Stepsister

Pub Date:   |   Archive Date: 11 Jul 2019

Member Reviews

When I first started Stepsister I was hesitant, wondering quite where the story would go.
We begin with a well-known scenario, that of the prince trying to find the owner of the glass slipper. We watch a mother desperate to secure safety for her children force not just one but two of her daughters to mutilate themselves in an attempt to win the prince’s hand. Each time, their deception is uncovered. Yet in this story we see that the two sisters are unwilling partners in this deception. They succumb to their mother’s wishes because it’s what is expected of them. As in the fairytale, our forgotten put-upon stepsister gets her prince and leaves.
In this story, however, we remain with those left behind.
The characters of Tavi and Isabelle do not fit the conventional view of a woman. Tavi is obsessed with knowledge, and desires nothing more than to discover something. Isabelle has rather lost her way, knowing only that she wants something that society deems she cannot have. Bound by the expectations of others she subjugates her wishes in an attempt to do the right thing by her family.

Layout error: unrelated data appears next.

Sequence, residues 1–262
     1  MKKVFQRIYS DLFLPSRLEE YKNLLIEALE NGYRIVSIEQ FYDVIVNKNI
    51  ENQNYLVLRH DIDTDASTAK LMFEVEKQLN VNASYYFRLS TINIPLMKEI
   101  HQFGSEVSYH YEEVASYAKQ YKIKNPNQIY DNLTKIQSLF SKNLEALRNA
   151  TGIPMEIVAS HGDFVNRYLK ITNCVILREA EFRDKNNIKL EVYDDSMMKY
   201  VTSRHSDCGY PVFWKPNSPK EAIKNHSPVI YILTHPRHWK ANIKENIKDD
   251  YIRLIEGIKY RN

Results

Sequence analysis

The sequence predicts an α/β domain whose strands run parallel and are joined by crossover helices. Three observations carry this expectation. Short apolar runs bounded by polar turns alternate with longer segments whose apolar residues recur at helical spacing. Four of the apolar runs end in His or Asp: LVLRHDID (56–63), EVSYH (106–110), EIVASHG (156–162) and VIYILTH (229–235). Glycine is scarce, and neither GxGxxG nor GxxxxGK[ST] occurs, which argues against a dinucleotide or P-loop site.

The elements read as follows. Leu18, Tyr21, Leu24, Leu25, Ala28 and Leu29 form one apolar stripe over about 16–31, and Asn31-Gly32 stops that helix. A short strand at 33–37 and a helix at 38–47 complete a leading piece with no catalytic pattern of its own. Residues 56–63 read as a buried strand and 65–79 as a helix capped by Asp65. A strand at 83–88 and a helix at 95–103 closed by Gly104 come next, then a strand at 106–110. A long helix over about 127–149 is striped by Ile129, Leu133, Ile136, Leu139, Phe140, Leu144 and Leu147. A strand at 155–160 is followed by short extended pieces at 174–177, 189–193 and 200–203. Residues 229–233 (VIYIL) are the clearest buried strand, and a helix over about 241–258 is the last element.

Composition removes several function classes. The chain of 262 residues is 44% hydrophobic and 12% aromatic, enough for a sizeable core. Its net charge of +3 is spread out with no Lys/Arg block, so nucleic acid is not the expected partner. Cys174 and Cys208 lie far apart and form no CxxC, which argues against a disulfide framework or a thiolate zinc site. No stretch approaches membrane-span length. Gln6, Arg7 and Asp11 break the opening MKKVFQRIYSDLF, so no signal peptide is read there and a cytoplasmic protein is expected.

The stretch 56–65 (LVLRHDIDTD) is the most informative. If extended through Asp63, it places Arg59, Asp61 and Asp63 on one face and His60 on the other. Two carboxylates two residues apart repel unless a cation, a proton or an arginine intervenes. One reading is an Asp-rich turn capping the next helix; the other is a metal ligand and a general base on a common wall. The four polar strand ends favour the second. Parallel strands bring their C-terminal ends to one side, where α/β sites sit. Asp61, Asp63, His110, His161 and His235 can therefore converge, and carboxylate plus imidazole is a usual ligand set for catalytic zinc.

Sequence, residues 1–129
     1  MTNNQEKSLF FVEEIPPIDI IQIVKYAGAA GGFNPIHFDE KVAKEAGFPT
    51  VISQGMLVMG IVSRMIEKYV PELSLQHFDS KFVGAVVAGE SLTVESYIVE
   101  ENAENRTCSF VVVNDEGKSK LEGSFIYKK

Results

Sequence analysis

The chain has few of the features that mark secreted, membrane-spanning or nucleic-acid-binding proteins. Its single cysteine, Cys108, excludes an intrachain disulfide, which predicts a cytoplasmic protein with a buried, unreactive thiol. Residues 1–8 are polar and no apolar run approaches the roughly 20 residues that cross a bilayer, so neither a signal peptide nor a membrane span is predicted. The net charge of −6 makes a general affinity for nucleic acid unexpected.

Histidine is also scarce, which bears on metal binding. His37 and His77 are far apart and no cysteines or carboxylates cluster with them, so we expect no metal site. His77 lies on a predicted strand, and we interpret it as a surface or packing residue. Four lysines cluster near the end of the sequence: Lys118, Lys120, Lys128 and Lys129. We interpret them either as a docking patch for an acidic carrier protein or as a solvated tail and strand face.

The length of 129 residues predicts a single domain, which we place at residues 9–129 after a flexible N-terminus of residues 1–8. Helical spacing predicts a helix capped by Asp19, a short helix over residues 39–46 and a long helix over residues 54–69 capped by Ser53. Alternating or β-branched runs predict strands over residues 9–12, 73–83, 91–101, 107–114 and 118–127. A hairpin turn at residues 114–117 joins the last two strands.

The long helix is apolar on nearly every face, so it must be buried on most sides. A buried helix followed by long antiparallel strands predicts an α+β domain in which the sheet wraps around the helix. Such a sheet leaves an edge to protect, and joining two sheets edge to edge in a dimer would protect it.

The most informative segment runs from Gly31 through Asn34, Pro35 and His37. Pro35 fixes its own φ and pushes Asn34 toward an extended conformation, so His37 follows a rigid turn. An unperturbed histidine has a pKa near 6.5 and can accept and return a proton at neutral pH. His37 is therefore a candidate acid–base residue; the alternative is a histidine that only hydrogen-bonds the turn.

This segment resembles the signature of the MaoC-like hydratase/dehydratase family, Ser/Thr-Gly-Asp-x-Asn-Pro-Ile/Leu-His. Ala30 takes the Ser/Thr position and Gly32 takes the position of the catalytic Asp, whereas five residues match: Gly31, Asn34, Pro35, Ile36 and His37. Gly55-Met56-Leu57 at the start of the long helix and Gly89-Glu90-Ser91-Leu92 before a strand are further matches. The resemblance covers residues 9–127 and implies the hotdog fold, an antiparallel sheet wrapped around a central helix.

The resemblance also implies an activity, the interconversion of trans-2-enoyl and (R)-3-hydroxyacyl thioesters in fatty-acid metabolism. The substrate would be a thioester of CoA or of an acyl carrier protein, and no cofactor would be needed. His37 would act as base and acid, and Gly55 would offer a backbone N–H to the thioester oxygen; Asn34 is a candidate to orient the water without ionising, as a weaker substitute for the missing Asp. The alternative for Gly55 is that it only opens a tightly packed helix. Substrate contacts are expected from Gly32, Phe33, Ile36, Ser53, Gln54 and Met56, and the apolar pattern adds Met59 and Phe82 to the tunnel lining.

I found myself amazed by the very sympathetic portrayal given to characters we’re encouraged to dislike. This feeling only grew as the story unravelled.
Though I was perplexed by this element initially, we have the characters of Fate and Chance playing their own game. Meddling with the lives of Isabelle and her family, each wants to leave their mark.
Without giving anything away, this was a story that showed us a girl full of character slowly learning to love herself and resolve to have confidence in her own desires. Dressed up as a fairytale retelling this was a dark feminist call-to-arms that I would strongly recommend.